More interestingly, the MAP3K7 gene was found to be a node linking the MAP3K7IP1, HIPK2, and BMP7 genes according to the pathway maps involving these genes in the KEGG, GenMAPP, and BioCarta databases (Additional file 2: Figure S2). MAP3K7 can also interact with many genes affecting melanocyte development [31,32], such as MITF [41], KIT ligand, B-cell leukemia/lymphoma 2 [42,43], lymphoid enhancer binding factor 1 [44], and epidermal growth factor receptor [45,46]. MAP3K7IP1 is one of the MAP3K7 binding proteins. The MAP3K7IP1 protein interacts with and thus activates MAP3K7 kinase, and may also function as a mediator between TGF-β receptors and MAP3K7 [47-49], suggesting that MAP3K7IP1 can influence the function of the downstream genes of the pathways involving in MAP3K7. Besides the interaction of MAP3K7IP1 and MAP3K7, BMP7 also contacts MAP3K7 in some pathways. Yamaguchi et al. reported that BMP7 activated MAPK signaling through MAP3K7 [50]. Blank et al. verified that BMP7 activated the JNK signaling pathway, and MAP3K7 was required for BMP7-mediated JNK activation [51]. In addition, BMP7 could activate MAP3K7 and enhance Wnt-dependent transcription [52]. Expression of BMP7 was indeed consistent with that of MAP3K7 in this study (Figure  3). It is possible that a specific mutation upregulates expression of BMP7 to result in MAP3K7 upregulation in Huiyang Beard chickens with HVP. Additionally, the MAP3K7-HIPK2 pathway can inhibit c-Myb activity upon Wnt-1 stimulation, affecting the immune response, because c-Myb plays an essential role in the proliferation of immature hematopoietic cells and early T-cell development [53-55]. This is consistent with the fact that this study identified a strong genetic relationship between HVP and the antibody response to Newcastle disease virus (rg = −0.42, Table  1). Importantly, MAP3K7 participates in several pathways related to the immune response, such as the B cell receptor signaling pathway, the toll-like receptor signaling pathway and the IL-6 signaling pathway (http://www.wikipathways.org/index.php/WikiPathways webcite). These findings indicate that MAP3K7IP1, HIPK2, and BMP7 could be candidate genes for HVP, and might affect the development of HVP by regulating the expression of the MAP3K7 gene. Further studies are needed to validate this hypothesis.

Conclusions

HVP was found to be a quantitative trait with moderate heritability. Three independent QTLs for HVP were detected by GWAS on GGA1 and GGA20, and the BMP7 gene was identified as a likely candidate gene for HVP.

Methods

Ethics statement

This study was approved by the Animal Care Committee of the Institute of Animal Science, Guangdong Academy of Agricultural Sciences (Guangzhou, People’s Republic of China), with approval number GAAS-IAS-2009-73. Animals involved in this study were humanely sacrificed as necessary to ameliorate their suffering.

Animals and data collection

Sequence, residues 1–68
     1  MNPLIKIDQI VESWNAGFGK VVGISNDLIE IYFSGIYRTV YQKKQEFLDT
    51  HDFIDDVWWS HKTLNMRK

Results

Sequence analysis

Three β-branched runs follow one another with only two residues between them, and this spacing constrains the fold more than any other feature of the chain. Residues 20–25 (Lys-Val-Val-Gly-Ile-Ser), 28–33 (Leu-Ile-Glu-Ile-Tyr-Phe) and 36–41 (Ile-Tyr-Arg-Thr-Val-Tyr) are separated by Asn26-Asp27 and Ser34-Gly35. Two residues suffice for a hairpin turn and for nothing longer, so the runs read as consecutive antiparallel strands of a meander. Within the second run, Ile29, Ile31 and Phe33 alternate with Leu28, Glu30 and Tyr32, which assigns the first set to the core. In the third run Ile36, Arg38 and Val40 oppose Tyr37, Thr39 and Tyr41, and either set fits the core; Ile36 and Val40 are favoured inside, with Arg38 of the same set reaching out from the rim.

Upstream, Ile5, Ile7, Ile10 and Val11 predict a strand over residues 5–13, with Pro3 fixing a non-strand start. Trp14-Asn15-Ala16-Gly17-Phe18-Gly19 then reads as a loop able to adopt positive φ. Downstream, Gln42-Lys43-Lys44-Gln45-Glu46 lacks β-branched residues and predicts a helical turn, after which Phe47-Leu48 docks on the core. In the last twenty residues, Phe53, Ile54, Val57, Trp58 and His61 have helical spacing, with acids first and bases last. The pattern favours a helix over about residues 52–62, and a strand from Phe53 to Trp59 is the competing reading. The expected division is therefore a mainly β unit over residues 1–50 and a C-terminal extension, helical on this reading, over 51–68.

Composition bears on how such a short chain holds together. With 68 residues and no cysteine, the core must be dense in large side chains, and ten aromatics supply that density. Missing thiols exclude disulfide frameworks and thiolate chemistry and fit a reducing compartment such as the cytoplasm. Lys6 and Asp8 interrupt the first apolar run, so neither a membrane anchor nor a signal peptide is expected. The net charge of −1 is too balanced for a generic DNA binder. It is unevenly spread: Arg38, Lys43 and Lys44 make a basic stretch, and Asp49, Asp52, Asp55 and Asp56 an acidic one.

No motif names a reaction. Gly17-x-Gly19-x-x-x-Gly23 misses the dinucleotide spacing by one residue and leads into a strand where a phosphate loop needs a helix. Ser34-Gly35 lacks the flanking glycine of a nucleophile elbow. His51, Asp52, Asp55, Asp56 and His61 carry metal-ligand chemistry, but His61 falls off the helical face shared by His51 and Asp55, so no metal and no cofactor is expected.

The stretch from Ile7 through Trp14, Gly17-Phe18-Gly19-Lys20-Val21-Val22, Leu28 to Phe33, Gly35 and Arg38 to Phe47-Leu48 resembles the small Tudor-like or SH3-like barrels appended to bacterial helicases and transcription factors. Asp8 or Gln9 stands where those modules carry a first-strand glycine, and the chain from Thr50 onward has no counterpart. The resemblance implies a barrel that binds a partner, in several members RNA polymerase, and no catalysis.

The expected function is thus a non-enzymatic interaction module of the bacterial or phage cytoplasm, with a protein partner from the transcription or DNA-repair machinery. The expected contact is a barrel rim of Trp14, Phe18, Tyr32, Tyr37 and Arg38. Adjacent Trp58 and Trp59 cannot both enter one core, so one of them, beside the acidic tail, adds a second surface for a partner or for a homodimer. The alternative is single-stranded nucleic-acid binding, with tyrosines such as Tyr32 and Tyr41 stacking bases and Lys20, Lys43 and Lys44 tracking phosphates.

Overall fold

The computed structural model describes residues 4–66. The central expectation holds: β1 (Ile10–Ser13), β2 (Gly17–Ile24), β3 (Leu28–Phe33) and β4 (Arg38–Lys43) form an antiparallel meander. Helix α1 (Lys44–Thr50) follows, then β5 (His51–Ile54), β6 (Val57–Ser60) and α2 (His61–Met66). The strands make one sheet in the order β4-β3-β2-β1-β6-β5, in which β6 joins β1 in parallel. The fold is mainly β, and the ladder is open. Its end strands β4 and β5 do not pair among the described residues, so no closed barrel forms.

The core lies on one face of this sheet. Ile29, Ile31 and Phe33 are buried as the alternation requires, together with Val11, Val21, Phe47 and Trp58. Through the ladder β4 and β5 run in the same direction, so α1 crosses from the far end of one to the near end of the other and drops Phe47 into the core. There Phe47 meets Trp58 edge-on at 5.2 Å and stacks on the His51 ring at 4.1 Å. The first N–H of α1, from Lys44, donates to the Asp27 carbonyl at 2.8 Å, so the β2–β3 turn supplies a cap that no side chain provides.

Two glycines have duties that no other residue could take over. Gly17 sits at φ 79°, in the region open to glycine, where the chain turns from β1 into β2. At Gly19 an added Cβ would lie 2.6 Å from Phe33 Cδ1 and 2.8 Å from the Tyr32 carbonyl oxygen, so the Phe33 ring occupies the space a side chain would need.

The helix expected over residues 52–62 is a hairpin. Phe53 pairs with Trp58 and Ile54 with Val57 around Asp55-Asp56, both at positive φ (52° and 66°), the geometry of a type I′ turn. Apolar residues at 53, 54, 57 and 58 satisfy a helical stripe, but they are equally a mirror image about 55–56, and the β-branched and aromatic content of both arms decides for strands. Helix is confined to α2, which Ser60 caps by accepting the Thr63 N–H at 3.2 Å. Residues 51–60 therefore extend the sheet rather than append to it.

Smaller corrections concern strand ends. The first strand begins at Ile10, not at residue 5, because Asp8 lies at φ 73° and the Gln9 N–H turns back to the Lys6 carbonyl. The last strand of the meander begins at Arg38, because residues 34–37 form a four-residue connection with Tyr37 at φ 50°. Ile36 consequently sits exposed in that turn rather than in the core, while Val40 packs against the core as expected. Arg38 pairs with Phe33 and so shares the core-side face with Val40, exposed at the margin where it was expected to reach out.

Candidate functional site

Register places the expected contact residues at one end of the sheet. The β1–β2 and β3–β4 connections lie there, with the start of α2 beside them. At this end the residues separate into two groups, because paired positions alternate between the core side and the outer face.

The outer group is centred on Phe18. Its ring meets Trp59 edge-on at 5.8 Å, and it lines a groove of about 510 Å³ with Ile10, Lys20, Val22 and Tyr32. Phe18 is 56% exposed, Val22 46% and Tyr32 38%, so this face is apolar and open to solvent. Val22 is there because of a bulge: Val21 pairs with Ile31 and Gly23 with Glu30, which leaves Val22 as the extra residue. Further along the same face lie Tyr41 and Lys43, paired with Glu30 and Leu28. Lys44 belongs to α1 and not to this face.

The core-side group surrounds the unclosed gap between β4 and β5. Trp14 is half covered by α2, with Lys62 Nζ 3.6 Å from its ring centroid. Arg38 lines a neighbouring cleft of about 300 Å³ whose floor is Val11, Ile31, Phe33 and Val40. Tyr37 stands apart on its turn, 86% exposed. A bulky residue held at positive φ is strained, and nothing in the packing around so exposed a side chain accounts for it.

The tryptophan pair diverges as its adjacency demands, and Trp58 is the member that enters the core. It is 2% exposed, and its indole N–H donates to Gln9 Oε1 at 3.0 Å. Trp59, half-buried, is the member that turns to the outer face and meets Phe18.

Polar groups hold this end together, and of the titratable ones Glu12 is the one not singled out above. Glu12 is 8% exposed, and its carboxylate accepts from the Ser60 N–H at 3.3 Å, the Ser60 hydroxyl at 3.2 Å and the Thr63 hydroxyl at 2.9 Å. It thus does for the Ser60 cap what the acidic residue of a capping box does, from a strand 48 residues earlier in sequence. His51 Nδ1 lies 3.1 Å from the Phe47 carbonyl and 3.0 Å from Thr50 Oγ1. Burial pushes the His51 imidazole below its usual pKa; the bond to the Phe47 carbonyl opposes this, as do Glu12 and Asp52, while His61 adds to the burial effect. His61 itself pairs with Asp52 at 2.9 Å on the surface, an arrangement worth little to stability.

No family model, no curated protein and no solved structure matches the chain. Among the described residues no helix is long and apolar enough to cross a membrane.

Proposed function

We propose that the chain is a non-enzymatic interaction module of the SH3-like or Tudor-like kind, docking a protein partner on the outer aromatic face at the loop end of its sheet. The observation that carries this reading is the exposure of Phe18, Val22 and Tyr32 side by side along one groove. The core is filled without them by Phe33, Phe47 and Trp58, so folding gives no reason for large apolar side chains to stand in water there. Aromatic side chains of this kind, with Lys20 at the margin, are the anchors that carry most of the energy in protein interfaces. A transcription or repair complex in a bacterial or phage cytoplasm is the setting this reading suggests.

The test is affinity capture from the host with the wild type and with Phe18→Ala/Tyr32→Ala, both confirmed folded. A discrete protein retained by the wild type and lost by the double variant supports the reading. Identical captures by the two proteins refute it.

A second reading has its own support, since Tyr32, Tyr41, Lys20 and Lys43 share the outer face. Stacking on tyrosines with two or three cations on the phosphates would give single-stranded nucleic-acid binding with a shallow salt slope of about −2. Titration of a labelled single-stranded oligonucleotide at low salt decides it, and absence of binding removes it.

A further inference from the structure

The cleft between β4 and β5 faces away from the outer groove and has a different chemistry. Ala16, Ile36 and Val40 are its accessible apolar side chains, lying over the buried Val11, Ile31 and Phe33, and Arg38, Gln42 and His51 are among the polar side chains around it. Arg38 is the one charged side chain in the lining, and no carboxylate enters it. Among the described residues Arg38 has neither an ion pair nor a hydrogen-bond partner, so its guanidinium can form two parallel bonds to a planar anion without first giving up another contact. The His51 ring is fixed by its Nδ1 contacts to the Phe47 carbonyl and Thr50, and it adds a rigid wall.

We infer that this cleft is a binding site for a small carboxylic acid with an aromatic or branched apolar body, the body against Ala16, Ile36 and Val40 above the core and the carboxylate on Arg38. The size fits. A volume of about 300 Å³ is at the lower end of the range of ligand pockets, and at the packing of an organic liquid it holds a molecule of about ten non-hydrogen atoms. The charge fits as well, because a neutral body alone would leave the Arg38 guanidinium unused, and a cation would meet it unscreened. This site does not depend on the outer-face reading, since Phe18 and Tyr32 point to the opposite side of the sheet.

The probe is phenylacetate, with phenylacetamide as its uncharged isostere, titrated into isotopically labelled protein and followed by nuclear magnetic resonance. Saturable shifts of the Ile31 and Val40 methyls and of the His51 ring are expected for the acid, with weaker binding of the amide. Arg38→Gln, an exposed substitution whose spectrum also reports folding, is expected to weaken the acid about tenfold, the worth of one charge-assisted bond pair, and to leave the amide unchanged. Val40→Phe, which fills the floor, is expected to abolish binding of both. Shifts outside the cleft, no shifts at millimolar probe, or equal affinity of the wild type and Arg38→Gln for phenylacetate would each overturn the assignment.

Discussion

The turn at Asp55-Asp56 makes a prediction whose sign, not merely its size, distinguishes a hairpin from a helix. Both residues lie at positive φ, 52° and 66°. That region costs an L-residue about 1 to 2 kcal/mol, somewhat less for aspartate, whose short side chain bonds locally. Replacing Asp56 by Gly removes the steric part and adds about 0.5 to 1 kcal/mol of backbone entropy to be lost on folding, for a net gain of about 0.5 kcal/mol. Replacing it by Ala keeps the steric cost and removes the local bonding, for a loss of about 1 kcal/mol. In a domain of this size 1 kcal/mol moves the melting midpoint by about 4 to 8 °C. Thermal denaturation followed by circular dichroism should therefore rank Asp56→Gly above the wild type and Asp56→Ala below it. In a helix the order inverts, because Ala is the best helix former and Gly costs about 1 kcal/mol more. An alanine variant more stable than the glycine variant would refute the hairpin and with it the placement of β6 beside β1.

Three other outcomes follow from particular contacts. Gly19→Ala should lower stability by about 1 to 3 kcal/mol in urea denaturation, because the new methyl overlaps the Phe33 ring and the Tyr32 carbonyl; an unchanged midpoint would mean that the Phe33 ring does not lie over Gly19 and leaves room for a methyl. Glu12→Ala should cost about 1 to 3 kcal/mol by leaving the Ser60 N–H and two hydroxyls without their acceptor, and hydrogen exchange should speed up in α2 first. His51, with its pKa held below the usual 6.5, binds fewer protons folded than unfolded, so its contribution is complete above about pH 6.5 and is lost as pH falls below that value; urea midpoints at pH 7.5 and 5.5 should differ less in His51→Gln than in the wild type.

A total of 585 commercial chickens were used in this study, consisting of three generations (23 P, 51 F1, and 511 F2 individuals) with an accurate pedigree. All birds were immunized with a commercial avian influenza-inactivated H9 strain vaccine at day 40, and a commercial Newcastle disease virus live LaSota strain vaccine at day 50. At day 91, 511 F2 individuals from six hatches were slaughtered. At this time point, vein blood was collected and a portion transferred into centrifuge tubes containing ethylenediaminetetraacetic acid disodium salt solution, and then stored at −80°C. The remainder was used to prepare serum for measuring antibody responses (S/P values) to Newcastle disease virus and avian influenza virus by enzyme linked immunosorbent assay. At day 91, body weight, carcass weight, net weight, dress weight, breast muscle weight, leg muscle weight, and abdomen fat weight were measured, as was small intestine length. Heterophil count, representing H/L, was measured following the method of Vleck et al. [56]. A higher heterophil count is consistent with a higher H/L value. Because HVP was thought to be a quantitative trait, HVP was classified into three levels, absent, mild, and severe hyperpigmentation, represented by 0, 1, and 2 (Figure  1), respectively, to control for false positives. The absent, mild, and severe hyperpigmentation groups had 352, 132, and 27 individuals, respectively.

SNP genotyping and selection

Genomic DNA extraction from venous blood was performed using the phenol/chloroform method. The quality and concentration of genomic DNA from 511 F2 individuals fulfilled the requirements for the Illumina Infinium SNP genotyping platform. Genotyping using the Illumina 60K Chicken SNP Beadchip [57] was carried out at the Illumina-certified service provider, DNA LandMarks, Saint-Jean-sur-Richelieu, Canada. Quality control was assessed in GenomeStudio v2008.1 [58]. Six samples were excluded as more than 5% of their SNPs had missing genotypes. The final SNP set included 39,833 SNPs for this GWAS under the following SNP selection criteria: low call frequency (>95%), low heterozygosity cluster intensity and separation value (>0.4), and low minor allele frequency (>0.1). Information on the SNP markers on each chicken chromosome is summarized in Additional file 3: Table S1.